How to make the most of the IntelliJ IDEA's view modes to make best presentations possible including visualization of the keyboard input?
Since IntelliJ IDEA 13, you can switch to Presentation Mode by clicking View → Enter Presentation Mode. The IDE switches to full screen and everything is hidden except for the main editor window. The font size is increased so it is better readable from a distance.
The font size in Presentation Mode can be configured in Settings under Appearance & Behavior→ Appearance → Presentation Mode.
Distraction Free mode is another view mode you can use. It is similar to Presentation Mode at first glance but has several important distinctions.
It hides everything except the Editor window and centers it. All the toolbars and panels are gone. Unlike Presentation Mode, it does not increase the font size, but it rather keeps it unchanged. Unlike Presentation mode, it does not enter full screen, so you can use it even in a small window. That may be useful when having code editor on half of the screen and something else (like a browser window or terminal) in the other half.
As the name suggests, it is intended as a convenient way to hide all the visual clutter, when you need to focus just on some particular piece of code. After the Presentation mode was introduced, many were using it not only for presenting but also as a Distraction Free mode, which was later released as a separate feature in IDEA 14.1.
While the Distraction Free Mode was not originally intended for presentation purposes, there are situations, where it can be more appropriate that original Presentation Mode. Because the size of the font is not changed, you can see a much bigger portion of the code at the same time. This gives you the much better context that seeing just a small snippet of code at once without the surrounding code. This may not be suitable for regular presentations with one big screen and listeners, who may be too far away to read the code. However, it is much better for scenarios where each listener has their own screen and can read even the smaller font. Such situations would be for example video conferences with screen sharing or webinars. For this purpose, you should consider Distraction Free mode as a viable alternative to the regular Presentation Mode.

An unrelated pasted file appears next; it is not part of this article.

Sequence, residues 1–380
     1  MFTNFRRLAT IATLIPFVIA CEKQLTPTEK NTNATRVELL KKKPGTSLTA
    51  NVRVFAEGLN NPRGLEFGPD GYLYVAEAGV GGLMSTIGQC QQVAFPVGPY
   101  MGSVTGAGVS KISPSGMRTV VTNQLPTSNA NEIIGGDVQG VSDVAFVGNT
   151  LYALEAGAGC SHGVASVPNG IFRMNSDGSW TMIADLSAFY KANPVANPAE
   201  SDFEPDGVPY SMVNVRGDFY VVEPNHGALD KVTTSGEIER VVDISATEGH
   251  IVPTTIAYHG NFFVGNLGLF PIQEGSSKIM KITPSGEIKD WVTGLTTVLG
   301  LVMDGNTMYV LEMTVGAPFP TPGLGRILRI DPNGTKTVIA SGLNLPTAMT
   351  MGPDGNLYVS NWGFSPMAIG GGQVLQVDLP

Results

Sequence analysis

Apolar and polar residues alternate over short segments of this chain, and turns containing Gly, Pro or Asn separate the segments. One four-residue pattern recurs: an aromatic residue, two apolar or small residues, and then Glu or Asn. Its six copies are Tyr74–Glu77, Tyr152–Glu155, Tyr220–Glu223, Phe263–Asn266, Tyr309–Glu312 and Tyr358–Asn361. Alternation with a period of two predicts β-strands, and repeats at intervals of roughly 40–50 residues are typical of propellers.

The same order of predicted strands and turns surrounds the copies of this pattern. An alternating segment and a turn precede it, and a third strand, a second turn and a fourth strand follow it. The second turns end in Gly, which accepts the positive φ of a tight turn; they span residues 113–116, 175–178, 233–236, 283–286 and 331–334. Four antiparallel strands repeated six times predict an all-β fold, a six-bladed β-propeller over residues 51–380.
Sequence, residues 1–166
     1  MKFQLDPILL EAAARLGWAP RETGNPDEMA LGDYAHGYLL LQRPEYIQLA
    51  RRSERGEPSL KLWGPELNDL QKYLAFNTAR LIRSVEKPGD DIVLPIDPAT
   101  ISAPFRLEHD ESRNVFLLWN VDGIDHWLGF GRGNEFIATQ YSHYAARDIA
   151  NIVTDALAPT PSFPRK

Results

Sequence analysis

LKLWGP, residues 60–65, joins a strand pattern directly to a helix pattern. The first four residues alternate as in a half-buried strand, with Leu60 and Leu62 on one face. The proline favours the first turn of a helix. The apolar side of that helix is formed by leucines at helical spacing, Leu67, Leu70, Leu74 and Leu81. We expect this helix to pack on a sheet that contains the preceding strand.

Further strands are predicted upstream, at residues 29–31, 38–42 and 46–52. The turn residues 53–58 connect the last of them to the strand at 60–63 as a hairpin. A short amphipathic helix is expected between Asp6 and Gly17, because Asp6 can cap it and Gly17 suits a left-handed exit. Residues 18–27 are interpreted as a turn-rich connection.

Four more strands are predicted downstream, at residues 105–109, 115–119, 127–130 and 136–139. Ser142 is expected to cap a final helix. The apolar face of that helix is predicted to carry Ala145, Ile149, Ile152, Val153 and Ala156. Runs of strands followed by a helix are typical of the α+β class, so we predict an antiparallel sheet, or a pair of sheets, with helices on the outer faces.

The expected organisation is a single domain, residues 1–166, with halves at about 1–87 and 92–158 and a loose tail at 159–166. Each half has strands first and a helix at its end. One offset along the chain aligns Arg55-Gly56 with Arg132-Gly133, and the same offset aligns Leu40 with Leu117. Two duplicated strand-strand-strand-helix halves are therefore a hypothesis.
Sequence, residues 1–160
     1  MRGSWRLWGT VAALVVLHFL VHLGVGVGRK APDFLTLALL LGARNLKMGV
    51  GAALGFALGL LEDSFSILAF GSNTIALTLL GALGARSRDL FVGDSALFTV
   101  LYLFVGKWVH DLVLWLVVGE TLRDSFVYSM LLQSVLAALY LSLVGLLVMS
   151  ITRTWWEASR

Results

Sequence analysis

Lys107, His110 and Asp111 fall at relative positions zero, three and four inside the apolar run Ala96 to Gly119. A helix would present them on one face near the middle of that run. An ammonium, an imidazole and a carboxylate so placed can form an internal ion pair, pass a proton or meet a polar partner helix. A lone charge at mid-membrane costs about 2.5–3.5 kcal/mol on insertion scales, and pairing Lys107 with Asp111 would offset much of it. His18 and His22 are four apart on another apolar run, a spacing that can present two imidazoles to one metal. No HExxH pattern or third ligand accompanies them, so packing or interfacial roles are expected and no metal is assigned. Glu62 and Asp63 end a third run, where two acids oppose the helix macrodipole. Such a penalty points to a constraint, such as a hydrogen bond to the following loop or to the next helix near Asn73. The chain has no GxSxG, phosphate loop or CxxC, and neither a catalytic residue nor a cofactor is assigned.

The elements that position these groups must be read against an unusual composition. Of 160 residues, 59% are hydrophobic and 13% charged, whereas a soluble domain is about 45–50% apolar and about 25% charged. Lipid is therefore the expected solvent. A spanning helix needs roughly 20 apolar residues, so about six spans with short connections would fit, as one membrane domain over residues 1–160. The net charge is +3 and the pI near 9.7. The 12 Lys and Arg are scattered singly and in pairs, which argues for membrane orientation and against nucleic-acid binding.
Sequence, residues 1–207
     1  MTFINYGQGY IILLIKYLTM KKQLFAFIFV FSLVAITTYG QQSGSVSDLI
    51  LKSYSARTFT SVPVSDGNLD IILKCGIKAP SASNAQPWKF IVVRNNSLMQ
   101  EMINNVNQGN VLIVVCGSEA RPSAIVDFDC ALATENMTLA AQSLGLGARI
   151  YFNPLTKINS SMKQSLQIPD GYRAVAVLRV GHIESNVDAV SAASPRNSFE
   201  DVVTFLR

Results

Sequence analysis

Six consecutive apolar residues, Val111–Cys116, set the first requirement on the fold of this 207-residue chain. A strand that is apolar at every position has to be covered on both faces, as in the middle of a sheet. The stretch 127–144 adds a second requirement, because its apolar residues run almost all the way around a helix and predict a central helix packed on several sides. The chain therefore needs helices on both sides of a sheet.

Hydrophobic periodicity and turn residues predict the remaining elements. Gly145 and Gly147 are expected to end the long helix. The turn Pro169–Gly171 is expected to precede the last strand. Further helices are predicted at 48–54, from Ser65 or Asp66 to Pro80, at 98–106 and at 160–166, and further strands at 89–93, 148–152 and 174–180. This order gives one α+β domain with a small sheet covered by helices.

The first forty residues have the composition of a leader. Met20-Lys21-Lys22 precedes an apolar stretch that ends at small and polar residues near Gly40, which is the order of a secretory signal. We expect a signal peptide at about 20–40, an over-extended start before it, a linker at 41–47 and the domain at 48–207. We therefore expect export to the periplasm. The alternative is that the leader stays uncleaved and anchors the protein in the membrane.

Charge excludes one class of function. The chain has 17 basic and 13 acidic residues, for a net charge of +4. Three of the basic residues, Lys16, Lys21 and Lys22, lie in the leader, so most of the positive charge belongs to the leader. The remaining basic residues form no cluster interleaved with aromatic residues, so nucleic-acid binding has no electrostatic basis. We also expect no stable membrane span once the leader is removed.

Note that Presentation and Distraction Free Mode are not mutually exclusive and can be active at the same time.
After you achieve a basic level of proficiency with your IDE and already know which features it offers, your next goal is to increase your productivity. That is, you want to use the tool you are already familiar with more effectively. A major part of that is using the keyboard as much as you can instead of the mouse. Using keyboard shortcuts where possible. Great way to learn IntelliJ IDEA shortcuts is to use Key Promoter plugin. Once you use mainly keyboard, you are much more productive. The problem is, using a lot of keyboard shortcuts is not exactly presentation friendly. Your audience can get quickly confused and lose track of the core topic you are presenting about while trying to figure out what the hell just happened.
Fortunately, there is a nice tool, which helps you exactly with this issue. It is Presentation Assistant Plugin (Github). Every time you trigger an action (no matter whether with the keyboard or mouse), it shows the action name and a keyboard shortcut associated with the action. What's more, it shows the shortcut both for Mac and Linux/Windows.
This is obviously very handy when having a presentation as the audience exactly knows which actions are you triggering using the keyboard and what shortcut is associated with them. Usually, this way they can learn not only about your main topic but also a handful of new and useful IDE features/keyboard shortcuts. And your talk is not constantly being interrupted by questions about actions and shortcuts you just used.
This is not only useful while presenting, but also when pair programming. This way your partner can keep track of your actions and maybe even learn a thing or two. Last but not least, using this plugin can help you to learn new shortcuts because it shows the shortcut info even for actions triggered by the mouse. That means that eventually, you will learn shortcuts for actions that you currently use only by mouse. However, you may consider using Key Promoter plugin for this scenario.
Both the Presentation and Distraction free modes have no keyboard shortcuts associated by default. By default, they are only accessible from View→ Enter Presentation Mode and View→ Enter Distraction Mode. You can, however, assign custom shortcuts to these actions as usual.
Alternatively, you can use Quick Switch Theme action (Ctrl + ` or ⌃ + ` on Mac) and Then press 4 (View Mode). From the subsequent popup menu, you can pick either Presentation or Distraction Free mode. This shortcut is also useful for quickly switching keyboard layouts, code styles, look and feel or color schemes.
The regular Presentation mode offers a good tool for presentations with one big screen. For webinars and other situations, where each viewer has their own screen, it may be better to use Distraction Free Mode, where the font size is not changed, therefore the viewers can see more code at once, so it offers more context. This way you are always ready for these two possibilities without the need to manually alter font size in the settings before each presentation. In either case, it is really handy to use Presentation Assistant plugin, which lets your viewers clearly see all the actions and keyboard shortcuts performed.